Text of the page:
Nitrogen dynamics under elevated carbon dioxide

How will high carbon dioxide concentrations affect the cycling of nitrogen in crop production systems.


29 Jan 2010

2009 Annual Interpretive Summary

The Australian Grains Free Air Carbon Dioxide Enrichment (AGFACE) facility was established to compare wheat growth, yield, and development under ambient atmospheric carbon dioxide (a[CO2] ~380 ppm) and elevated atmospheric carbon dioxide (e[CO2] ~550 ppm). Experiments on fertilizer N recovery, straw decomposition, and greenhouse gas production have been undertaken to estimate how e[CO2] and a changing climate could affect crop production systems.

Elevated CO2increased crop biomass at the end of tillering, anthesis, and maturity. Although plant and grain N contents declined, crop N uptake was 24% higher with e[CO2]. Stubble C:N ratio was not affected by e[CO2].

Wheat was grown with 15N enriched urea in PVC microplots at 50 kg N/ha in the AGFACE facility. Harvest biomass increased by 23% and N uptake increased by 17% under e[CO2]. Like the main experiment, C:N ratio of the stubble was not affected by e[CO2] and it had no significant effect on the proportion of N derived from fertilizer (%Ndff) for grain, stem, and root. There were no significant effects of e[CO2] on 15N recoveries in soil and total fertilizer N losses. The effects of e[CO2] and irrigation on straw decomposition and soil respiration was also undertaken within the AGFACE experiment. Pure cotton cloth, wheat straw, and pea straw were decomposed using litter-bag method for 140 days. The mass remaining was the highest for cotton cloth (90%), then wheat (73%), and pea (50%). Total C content of wheat and pea straw and total N content of pea straw were reduced only under e[CO2] and irrigated conditions. Soil CO2 emissions were increased by e[CO2] only under irrigation.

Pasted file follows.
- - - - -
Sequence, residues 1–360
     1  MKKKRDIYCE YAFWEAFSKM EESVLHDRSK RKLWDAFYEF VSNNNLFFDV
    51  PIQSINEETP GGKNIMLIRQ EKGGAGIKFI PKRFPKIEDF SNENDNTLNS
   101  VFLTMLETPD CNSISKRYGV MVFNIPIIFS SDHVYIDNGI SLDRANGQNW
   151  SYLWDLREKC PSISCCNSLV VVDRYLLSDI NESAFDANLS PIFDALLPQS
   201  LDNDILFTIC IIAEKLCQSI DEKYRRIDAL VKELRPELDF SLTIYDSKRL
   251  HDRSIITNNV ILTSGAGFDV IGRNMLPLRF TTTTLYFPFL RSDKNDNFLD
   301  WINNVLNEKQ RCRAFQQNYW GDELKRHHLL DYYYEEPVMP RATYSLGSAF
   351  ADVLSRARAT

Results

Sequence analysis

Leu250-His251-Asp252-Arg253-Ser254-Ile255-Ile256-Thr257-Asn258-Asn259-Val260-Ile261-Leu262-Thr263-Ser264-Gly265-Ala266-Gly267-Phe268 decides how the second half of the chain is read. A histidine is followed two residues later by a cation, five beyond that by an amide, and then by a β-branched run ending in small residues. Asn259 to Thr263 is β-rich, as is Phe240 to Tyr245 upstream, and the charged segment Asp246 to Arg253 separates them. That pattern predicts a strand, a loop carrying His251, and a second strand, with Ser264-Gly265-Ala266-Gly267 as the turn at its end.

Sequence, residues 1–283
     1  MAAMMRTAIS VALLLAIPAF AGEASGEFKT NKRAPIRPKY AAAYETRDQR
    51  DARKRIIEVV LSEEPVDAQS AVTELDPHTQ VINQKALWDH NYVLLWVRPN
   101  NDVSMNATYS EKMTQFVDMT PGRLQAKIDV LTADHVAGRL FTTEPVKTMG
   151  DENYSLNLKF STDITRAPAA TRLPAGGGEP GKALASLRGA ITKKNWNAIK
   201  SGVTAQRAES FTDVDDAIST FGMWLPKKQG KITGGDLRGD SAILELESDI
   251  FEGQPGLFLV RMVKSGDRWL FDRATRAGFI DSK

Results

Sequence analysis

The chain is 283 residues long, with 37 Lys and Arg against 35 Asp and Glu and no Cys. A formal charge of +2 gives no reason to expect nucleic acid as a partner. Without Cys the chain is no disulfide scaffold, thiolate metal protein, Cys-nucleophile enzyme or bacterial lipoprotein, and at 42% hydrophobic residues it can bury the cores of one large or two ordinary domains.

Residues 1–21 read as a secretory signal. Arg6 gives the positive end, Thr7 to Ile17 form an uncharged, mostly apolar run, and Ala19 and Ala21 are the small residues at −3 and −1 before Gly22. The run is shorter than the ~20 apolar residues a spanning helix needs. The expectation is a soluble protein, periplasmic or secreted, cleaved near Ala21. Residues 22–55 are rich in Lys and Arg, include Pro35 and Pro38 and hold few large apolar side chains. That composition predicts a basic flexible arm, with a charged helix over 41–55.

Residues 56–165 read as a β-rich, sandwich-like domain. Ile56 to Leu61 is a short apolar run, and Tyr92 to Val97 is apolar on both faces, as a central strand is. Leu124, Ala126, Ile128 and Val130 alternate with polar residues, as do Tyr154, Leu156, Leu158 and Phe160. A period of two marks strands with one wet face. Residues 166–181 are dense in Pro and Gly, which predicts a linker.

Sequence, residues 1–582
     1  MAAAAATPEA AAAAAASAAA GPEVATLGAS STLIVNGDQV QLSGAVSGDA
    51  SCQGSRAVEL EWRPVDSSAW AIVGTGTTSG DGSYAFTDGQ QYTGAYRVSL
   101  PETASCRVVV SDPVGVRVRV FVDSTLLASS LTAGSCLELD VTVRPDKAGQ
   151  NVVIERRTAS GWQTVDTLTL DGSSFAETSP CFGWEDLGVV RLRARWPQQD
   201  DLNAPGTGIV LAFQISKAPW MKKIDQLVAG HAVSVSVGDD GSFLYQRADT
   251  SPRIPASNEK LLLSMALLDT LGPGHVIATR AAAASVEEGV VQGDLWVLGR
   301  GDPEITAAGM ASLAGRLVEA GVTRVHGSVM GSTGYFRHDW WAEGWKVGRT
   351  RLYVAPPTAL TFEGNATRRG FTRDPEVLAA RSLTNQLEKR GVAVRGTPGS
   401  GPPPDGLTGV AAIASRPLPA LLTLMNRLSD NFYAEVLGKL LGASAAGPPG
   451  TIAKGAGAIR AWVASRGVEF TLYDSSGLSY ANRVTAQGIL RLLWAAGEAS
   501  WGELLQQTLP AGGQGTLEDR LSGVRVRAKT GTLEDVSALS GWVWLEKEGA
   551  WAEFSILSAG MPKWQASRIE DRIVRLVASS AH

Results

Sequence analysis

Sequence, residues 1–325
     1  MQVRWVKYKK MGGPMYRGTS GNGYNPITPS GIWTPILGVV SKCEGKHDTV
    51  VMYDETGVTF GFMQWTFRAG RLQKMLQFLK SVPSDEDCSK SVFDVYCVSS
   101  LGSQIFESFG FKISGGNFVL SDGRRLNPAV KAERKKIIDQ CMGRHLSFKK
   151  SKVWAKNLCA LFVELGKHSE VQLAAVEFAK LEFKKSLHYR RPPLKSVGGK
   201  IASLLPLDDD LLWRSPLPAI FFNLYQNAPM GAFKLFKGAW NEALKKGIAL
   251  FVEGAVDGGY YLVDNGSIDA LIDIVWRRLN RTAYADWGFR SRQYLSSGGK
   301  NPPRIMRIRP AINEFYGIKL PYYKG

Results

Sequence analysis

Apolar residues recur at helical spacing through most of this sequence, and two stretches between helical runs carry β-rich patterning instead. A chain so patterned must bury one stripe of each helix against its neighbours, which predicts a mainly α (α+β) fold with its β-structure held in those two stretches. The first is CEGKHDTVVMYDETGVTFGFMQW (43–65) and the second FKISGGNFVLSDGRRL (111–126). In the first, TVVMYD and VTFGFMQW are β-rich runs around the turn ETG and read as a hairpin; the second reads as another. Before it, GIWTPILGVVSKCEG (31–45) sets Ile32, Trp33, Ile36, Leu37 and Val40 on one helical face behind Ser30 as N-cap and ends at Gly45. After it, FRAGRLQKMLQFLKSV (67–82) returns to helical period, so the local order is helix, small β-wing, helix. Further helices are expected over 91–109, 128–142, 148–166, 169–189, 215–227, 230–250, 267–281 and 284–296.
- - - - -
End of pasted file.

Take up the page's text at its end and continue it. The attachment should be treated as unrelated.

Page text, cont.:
In these experiments, the C:N ratio and degradation of organic residues in the wheat crop is not affected by CO2levels, although large amounts of residue would enter soil nutrient cycles. These data indicate that e[CO2] increases plant N demand, but does not increase the efficiency with which fertilizers are used nor the likely supply of N from residues. Further research is planned to investigate mineralization and N fixation under e[CO2] and these data will be used to develop N strategies for future cropping systems. ANZ-04